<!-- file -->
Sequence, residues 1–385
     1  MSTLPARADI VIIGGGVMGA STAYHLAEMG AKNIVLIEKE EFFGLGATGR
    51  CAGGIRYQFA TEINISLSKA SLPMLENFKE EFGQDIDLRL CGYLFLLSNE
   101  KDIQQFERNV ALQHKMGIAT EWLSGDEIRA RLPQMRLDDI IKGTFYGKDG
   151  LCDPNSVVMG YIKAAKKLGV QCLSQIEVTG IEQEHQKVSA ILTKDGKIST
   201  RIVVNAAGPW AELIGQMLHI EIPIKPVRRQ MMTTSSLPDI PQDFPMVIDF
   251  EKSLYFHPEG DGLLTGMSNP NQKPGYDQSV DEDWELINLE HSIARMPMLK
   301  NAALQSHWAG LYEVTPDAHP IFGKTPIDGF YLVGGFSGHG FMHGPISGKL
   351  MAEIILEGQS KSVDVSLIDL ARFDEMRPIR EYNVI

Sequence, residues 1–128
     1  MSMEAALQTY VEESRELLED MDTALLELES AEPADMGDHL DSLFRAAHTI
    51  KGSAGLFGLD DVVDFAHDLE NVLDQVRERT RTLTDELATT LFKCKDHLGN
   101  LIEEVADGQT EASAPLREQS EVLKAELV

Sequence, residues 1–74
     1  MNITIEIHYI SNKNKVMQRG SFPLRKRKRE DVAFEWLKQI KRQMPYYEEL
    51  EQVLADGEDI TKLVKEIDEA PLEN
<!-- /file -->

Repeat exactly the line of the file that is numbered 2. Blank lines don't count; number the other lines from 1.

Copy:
     1  MSTLPARADI VIIGGGVMGA STAYHLAEMG AKNIVLIEKE EFFGLGATGR